Giving you a simple recipe isn't that easy. I was not making wootz but was trying to make large, first stage direct reduction pots, similar to the process described by Needham as in use in Shanxia, China in the 19th century.
First, I talked with potters. After numerous clay trials I gave up on potters as being particularly useless and began reading patents. I followed them back through 'patents reference by' until I arrived at formulas I understood. Then I moved forward in the patent search trying out new formulas and recipes. Once I had a reasonable handle on the technology. I was able to talk with Ceramic Enginners without them putting the phone down on me in disgust. They really are very, very knowledgeable people who don't suffer fools gladly. The phrase, 'You're not even wrong' is a fond memory.
As you can see but the pictures of my trial notes, I tried all sorts of patents and variants. Outside of very sophisticated ingredients and manufacturing methods I found four, basic starting points.
Tradtional clay graphites, like Berlin pots.
Prof. Vasily's bulat pot recipes amd my variants
My own shrinkage adjusted, clay graphite pots. And,
a TiO2/ clay, silicon-carbide recipe I based on a patent for 'Self healing' crucibles.
I tried a lot of different things. I tried powdered aluminium addition to create 'Exothermic, internal drying' of clay bodies. I tried borax addition to create 'self glazing' pots and colloidal silica additions to prevent graphite oxidation ( OK for low temps but at steel ranges the whole pot just went into solution ).
Almost all of the carbon/clay pots will work for standard uses. Flake graphite is what you need and that posed my biggest problem, because of where I am. I was forced to use graphite furnace charge , made from ground electric furnace eletrodes or substitute with graphetised coke. Those I made with good grade graphite flake worked fine but were uneconomical to make.
Shrinkage reduction pots.
I won't go into detail here but clays shrink when they are fired. They shrink at known rates. Kyanite expands as it converts to mullite. It converts at the same temperatures as clay contracts. Hence, you can add kyanite in amounts to ballance this shrinkage making your pots ( in theory) more easier to fire and less susceptible to thermal shock
Standard 'Berlin' crucible recipe
fire clay 40%
Powdered coke 25%
Grog 15% ( traditonally ground broken crucibles)
I took these % by weight
A 9kg bre would be 3600gm Fire clay, 1800 gm graphite, 2250 gm powdered coke, 1350 gm #200 grog.
My shrinkage adjusted Berlin
Fire or 'Ball' clay 22%
Prfessor Vasily's bulat pot recipe follows a 7.3,1 ( or 2) ratio
7 parts volume Flint clay ( I used chamotte or 'flint grog. This isn't a clay but a hard, fired material)
3 part fire clay
1-2 parts grahite.
This is quite a tricky brew to mold as my chamotte was a a bit coarse. It would probably do well in a rammed mold. If you could find a finer chamotte, this recipe would be worth a second look for small, round wootz pots.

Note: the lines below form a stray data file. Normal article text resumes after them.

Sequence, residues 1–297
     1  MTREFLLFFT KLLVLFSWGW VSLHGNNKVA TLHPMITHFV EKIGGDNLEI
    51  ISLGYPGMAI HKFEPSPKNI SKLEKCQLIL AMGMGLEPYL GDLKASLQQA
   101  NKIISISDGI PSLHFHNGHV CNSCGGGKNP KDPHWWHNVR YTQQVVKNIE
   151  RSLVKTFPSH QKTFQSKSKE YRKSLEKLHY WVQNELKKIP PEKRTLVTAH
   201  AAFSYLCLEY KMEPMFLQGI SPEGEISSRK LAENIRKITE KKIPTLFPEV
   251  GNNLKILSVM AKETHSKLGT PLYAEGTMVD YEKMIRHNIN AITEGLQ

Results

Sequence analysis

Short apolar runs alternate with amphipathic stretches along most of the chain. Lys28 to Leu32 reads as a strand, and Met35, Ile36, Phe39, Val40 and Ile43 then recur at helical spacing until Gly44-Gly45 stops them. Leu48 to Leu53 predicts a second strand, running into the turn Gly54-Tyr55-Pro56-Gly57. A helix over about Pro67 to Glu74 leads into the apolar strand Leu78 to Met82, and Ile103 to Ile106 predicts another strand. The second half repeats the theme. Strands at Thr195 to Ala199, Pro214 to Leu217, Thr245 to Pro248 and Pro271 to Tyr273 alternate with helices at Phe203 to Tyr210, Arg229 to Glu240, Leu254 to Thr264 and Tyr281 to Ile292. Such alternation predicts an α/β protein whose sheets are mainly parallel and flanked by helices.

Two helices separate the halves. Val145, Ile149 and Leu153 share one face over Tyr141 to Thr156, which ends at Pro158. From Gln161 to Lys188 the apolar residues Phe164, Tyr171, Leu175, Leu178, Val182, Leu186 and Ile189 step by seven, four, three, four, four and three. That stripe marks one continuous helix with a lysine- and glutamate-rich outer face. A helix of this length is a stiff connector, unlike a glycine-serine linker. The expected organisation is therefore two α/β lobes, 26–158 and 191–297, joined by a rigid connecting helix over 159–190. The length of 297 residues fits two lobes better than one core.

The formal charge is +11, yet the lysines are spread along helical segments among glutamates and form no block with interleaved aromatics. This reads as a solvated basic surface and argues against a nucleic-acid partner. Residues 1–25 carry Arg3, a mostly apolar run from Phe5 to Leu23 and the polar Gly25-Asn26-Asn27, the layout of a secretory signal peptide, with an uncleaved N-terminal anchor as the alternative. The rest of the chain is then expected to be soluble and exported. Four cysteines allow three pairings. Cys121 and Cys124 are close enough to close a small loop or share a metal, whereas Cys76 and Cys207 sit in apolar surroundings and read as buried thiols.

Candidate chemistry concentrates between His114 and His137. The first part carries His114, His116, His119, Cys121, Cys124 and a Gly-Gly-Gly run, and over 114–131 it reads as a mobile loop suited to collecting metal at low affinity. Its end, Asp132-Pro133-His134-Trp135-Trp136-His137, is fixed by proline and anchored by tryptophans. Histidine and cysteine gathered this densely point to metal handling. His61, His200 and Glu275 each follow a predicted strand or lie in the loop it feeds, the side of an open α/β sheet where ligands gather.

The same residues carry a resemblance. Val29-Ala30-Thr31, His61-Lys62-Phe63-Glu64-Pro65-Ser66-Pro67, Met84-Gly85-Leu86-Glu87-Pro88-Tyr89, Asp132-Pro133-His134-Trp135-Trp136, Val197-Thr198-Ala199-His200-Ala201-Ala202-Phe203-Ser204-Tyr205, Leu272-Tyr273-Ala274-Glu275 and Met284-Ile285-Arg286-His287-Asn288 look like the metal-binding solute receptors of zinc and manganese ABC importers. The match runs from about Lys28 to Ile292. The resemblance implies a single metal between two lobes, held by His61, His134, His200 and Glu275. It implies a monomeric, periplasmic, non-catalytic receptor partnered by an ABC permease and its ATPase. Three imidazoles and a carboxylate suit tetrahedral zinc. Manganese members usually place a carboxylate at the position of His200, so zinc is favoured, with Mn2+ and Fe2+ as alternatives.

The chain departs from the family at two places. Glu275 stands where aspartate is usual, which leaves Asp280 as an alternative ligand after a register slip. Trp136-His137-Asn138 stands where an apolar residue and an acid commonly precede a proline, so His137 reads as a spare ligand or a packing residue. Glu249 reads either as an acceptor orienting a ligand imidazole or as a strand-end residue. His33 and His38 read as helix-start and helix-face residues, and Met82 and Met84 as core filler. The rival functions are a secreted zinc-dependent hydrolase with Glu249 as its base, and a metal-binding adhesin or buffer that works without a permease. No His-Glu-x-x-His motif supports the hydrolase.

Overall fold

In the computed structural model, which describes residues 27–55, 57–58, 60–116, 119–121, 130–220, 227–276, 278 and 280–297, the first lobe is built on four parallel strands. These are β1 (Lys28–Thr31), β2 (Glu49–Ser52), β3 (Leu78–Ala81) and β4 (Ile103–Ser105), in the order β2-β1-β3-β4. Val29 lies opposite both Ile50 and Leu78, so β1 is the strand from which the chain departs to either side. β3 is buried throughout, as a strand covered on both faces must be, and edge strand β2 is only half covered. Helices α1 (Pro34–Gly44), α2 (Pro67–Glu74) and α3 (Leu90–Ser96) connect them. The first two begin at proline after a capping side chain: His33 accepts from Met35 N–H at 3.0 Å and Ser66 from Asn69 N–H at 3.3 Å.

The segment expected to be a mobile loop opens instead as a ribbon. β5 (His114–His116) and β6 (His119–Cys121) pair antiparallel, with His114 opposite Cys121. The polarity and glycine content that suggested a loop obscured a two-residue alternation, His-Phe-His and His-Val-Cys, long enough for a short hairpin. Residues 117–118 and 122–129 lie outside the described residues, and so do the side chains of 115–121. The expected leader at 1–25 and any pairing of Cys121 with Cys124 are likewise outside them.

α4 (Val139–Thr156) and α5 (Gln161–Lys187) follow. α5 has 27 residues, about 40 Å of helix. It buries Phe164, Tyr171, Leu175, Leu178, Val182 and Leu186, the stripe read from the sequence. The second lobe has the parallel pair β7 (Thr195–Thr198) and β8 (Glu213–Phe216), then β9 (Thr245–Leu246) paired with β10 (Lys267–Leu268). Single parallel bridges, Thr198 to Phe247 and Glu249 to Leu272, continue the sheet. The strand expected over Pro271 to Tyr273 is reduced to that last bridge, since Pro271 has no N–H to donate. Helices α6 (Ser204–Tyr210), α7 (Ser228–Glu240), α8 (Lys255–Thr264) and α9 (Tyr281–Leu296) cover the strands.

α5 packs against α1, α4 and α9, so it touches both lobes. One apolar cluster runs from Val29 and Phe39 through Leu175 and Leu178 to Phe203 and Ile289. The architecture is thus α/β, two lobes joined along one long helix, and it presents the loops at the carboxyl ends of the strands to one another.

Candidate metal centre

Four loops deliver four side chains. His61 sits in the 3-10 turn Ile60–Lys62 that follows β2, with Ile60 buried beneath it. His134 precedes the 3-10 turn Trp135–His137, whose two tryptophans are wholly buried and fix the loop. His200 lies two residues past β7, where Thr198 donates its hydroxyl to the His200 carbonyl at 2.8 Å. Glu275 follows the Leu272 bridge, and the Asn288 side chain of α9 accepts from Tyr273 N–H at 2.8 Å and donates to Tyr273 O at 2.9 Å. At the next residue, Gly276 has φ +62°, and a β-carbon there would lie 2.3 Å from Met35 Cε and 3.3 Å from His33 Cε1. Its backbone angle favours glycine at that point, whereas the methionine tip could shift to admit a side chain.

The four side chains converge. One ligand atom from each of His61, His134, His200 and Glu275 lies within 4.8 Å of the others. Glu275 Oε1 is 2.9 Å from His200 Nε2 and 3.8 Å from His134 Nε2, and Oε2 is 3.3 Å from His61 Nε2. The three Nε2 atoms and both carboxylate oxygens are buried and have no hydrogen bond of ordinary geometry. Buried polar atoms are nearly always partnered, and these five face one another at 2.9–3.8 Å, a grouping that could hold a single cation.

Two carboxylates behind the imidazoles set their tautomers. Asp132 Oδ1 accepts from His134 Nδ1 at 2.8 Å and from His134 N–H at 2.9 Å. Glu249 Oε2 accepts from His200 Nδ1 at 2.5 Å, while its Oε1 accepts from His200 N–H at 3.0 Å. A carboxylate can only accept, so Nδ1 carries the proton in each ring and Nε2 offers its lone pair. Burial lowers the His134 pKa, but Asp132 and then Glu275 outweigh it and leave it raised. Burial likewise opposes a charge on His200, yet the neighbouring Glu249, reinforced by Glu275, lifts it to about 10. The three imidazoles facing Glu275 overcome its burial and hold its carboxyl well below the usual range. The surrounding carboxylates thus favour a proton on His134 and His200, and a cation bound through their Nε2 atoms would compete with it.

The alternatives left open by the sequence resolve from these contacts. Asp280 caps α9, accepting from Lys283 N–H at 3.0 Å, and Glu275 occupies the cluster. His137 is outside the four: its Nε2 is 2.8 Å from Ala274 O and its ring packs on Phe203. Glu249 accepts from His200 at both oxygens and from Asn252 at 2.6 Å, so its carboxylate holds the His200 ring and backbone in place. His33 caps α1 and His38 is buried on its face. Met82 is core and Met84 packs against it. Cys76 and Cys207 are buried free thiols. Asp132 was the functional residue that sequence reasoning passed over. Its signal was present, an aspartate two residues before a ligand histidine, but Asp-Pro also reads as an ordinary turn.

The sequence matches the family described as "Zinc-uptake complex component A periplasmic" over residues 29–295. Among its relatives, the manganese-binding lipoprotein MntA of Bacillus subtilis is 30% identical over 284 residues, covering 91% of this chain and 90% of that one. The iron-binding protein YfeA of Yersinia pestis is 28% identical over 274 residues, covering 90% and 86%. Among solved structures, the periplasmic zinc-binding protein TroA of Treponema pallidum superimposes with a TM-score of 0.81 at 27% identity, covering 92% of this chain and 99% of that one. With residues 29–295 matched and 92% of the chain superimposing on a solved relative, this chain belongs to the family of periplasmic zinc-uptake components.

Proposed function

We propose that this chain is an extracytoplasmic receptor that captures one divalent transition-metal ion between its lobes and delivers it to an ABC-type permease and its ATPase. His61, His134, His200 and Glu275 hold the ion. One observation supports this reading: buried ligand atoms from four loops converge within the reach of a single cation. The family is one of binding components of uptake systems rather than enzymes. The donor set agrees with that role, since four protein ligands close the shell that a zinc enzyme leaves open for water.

I made a variant that was shrinkage adjusted and used a finer, flint grog. It was much finer in texture and really quite tough for 'one off' use.
firedc clay 25%
#200 flint grog 15%
A brew that was quite promising in A8 size, rammed pots.
This has a TiO2 addition to create a 'self repairing' crucible as per the patent. A similar patent included 5% metallic aluminium powder. Once made into a wet clay, the water/aluminium reaction is claimed to dry the pots from the inside and result in Al2O3 additions. I made about 9 variants of this and had to pack up my whole shop and move it before all the trials were done. I did several recipes with alumina additions, but both the alumina and the metallic aluminium didn't seem to make any positive difference to this basic TiO2 recipe. For the test pot , I replaced graphite with graphitized coke, simply because I couldn't afford more graphite. It handled a 2kg cast iron melt but did show scouring at the slag zone. It was also very thermally transparent ( probably because of a porous structure caused by the coke loss) and the iron melted in a record time for my setup. I would definitely try this one again with flake graphite in a rammed mold.
Fire Clay /ball clay 35%
Graphite/G coke 45%
silican Carbude #200 17%
I tried a lot of different 'washes' to try to prevent carbon loss during bisque firing. One turned out fine for high temp pots.
Sil. Carbide powder (fine) 164 gm
Kaolin 36 gm
TiO2 20 gm
Al2O3 20 gm
Silica flour 20 gm
Water to form slurry. Painted on bisque fired pots, dried and furnace fired under use to stoneware + temps. I did some with a anhydrous borax addition and these produced the nice, chocolate colour you fine on commercial Borosilicate i.e. clay graphite pots. Fine for non ferous but degraded badly at steel temps.
A simple borax glaze brew I developed for non ferrous pots,
2 heaped teasoons of Kaolin
1 teasoon anhydrous borax powder
4-5 teasoons silicon carbide powder ( 1200#)
I did make several non-graphite pots which worked well at low temps but grapite is the main 'ant-wetting' agent in clay pots that stops slag errosion at iron and steel temperatures.
I'll post a few picture of my notes so you can get some idea of the volume of trials I did between 2004 and 2008. In the end, I decided to bypass crucible refining and allotted to make a small, tilting open hearth furnace for the Basic process. These note are only a fraction of those made over the four years. It might be a quick read but it cost me a lot in time and resources when just putting food on the table was a struggle.